Dayton-area stores sell ‘diet weed,’ ‘marijuana lite’ THC products

Store owners, some users say products are safe; FDA, CDC warn of potential unexpected, adverse effects

Recreational marijuana is illegal in Ohio, but consumers across the Dayton region and state can get high by buying THC products that are sold at gas stations, head shops, liquor stores and other retail establishments.

The products, which are legal under state and federal law because they are derived from hemp, sometimes are marketed as “diet weed” or “marijuana lite” because the THC they contain is less psychoactive and potent than in traditional marijuana.

Some store owners and cannabis researchers say the products have exploded in popularity, and many users report fewer adverse effects than from ingesting or smoking regular marijuana.

“They are as safe as any over-the-counter product available at the drug store,” said E.R. Beach, owner of Hemptations, which has four locations, including one in Dayton. “Our advice to anyone trying something new has always been, first-time use should be done in a safe environment. I believe the biggest side effect may be drowsiness.”

Some medical experts say hemp-derived THC products are completely unregulated and can contain dangerous contaminants because of the way in which they are made.

“People assume if you can buy it in a gas station, if you buy it over the counter, if you can get it on the internet, it must be safe,” said Glen Solomon, professor and chair of the Department of Internal Medicine and Neurology at Wright State University. “But that couldn’t be further from the truth — these are totally unregulated products that are rich in contaminants.”

The 2018 U.S. farm bill allows cannabis products derived from hemp to be sold and used, and concentrated amounts of delta-8 THC can be manufactured from hemp-derived cannabidiol (CBD).

Delta-8 THC is a psychoactive chemical compound that is found in the cannabis sativa plant. Delta-8 THC is believed to be about 50% to 75% as psychoactive as its more widely known and used cousin, delta-9 THC, which is naturally occurring in marijuana, according to the U.S. Centers for Disease Control and Prevention.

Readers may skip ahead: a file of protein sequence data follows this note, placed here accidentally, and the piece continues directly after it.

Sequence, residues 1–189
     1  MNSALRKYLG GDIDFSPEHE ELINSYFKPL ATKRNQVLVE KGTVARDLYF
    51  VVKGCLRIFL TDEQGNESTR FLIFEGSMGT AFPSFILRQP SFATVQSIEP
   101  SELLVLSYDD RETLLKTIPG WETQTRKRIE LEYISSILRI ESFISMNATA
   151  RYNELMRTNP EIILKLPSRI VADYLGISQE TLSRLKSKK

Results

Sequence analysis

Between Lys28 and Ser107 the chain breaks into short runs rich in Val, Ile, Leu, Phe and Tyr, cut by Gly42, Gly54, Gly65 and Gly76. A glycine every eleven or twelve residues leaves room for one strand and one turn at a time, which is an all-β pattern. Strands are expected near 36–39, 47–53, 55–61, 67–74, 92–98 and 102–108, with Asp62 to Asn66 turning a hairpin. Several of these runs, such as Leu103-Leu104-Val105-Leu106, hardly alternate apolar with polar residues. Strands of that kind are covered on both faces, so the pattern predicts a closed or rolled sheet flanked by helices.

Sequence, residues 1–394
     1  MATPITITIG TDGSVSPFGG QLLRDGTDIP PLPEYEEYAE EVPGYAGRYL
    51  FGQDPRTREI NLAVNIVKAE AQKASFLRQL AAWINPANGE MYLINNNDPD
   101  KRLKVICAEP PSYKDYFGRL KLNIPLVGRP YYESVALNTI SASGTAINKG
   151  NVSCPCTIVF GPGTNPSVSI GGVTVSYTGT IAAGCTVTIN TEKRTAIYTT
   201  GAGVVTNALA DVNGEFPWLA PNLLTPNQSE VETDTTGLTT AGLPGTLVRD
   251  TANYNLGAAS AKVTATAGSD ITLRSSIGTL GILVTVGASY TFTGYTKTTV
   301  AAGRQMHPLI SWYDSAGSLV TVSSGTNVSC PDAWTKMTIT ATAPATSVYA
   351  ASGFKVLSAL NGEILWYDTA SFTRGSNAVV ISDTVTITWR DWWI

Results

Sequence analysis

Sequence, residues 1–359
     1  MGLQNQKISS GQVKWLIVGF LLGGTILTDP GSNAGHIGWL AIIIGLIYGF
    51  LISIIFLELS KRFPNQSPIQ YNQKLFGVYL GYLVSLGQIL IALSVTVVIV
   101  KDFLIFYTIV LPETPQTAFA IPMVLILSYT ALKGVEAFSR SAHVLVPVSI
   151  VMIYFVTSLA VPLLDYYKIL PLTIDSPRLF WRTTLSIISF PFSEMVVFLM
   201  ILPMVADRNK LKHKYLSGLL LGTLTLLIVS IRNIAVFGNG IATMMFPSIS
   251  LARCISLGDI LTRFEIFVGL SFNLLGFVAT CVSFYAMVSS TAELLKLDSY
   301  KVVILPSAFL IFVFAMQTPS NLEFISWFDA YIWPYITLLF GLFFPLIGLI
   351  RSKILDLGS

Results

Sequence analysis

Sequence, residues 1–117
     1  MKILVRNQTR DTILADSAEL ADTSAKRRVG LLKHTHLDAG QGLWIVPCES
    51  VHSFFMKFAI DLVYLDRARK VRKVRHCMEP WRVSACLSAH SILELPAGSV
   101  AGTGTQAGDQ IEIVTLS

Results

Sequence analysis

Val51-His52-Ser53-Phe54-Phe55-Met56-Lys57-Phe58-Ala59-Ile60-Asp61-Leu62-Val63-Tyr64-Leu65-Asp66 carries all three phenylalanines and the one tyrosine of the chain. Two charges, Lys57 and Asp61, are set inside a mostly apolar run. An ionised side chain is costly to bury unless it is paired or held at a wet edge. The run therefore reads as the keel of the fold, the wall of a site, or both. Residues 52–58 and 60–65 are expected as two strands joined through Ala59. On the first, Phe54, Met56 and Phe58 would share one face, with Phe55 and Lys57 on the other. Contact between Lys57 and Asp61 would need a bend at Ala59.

The Dayton Daily News found delta-8 THC products for sale at gas stations, liquor stores, smoke shops, vape shops, corner stores, markets and convenience stores all across the region.

A gas station in southeast Dayton sells “birthday cake” delta-8 THC joints from a company called Moon Buzz.

Another nearby gas station sells a variety of delta-8 products, including “cherry ultra” gummies, from a company called Flying Monkey.

Delta-8 THC products include vapes, vape cartridges, infused beverages and edibles like gummies or chocolates. Some shops sell rolled joints.

Delta-8 is the most popular hemp extract on the market right now, and there are hundreds of brands that offer tinctures, edibles and vapes, said Beach, with Hemptations, which has sold delta-8 THC products for a couple of years at its stores in Dayton, Cincinnati and Sharonville.

Hemptations sells natural therapeutic products, and consumers like the calming effects of delta-8 THC products, Beach said.

“We have been in business for over 25 years and I wouldn’t sell something that was potentially harmful,” he said.

Hemp is the same basic plant as marijuana, but it has less than 0.3% delta-9 THC, and smoking or ingesting hemp will not get people high, said Solomon, with Wright State University.

But hemp is rich in CBD, which can be chemically manipulated to create concentrated delta-8 THC, Solomon said.

According to Solomon, the problem is that delta-8 THC manufacturers are subject to no oversight, and many make their products in places like their bath tubs or basements, potentially using toxic chemicals like household bleach and acids.

“It’s not like this stuff is being made by Pfizer in a regulated plant,” he said. “The way you have to make it makes it very dangerous for anyone to use.”

The products can be poisonous and are particularly harmful to kids and pets, he said.

The U.S. Food and Drug Administration says delta-8 THC products are not evaluated or approved by the agency for safe use in any context, and some users have reported adverse effects.

National poison centers received 660 exposure cases of delta-8 THC products in the first half of 2021, the FDA said.

Last fall, the CDC issued a health advisory about delta-8 THC products that said, “Variations in product content, manufacturing practices, labeling and potential misunderstanding of the psychoactive properties of delta-8 THC may lead to unexpected effects among consumers.”

But a survey of more than 500 delta-8 THC users from 38 states including Ohio found that many people reported fewer negative side effects compared to traditional marijuana.

Delta-8 THC provided the relaxation and pain relief associated with delta-9 THC, with somewhat less euphoria and less cognitive distortion, such as difficulty with short-term memory and concentration, said Dan Kruger, a research investigator in the Population Studies Center at the University of Michigan.

Users also reported experiencing less anxiety and paranoia compared to delta-9 THC, according to the study by Kruger and co-author Jessica Kruger, clinical assistant professor with the Department of Community Health and Health Behavior at the University at Buffalo.

Dan Kruger, however, said potential contaminants in unregulated delta-8 THC products are concerning, such as heavy metals and cutting agents.

About the Author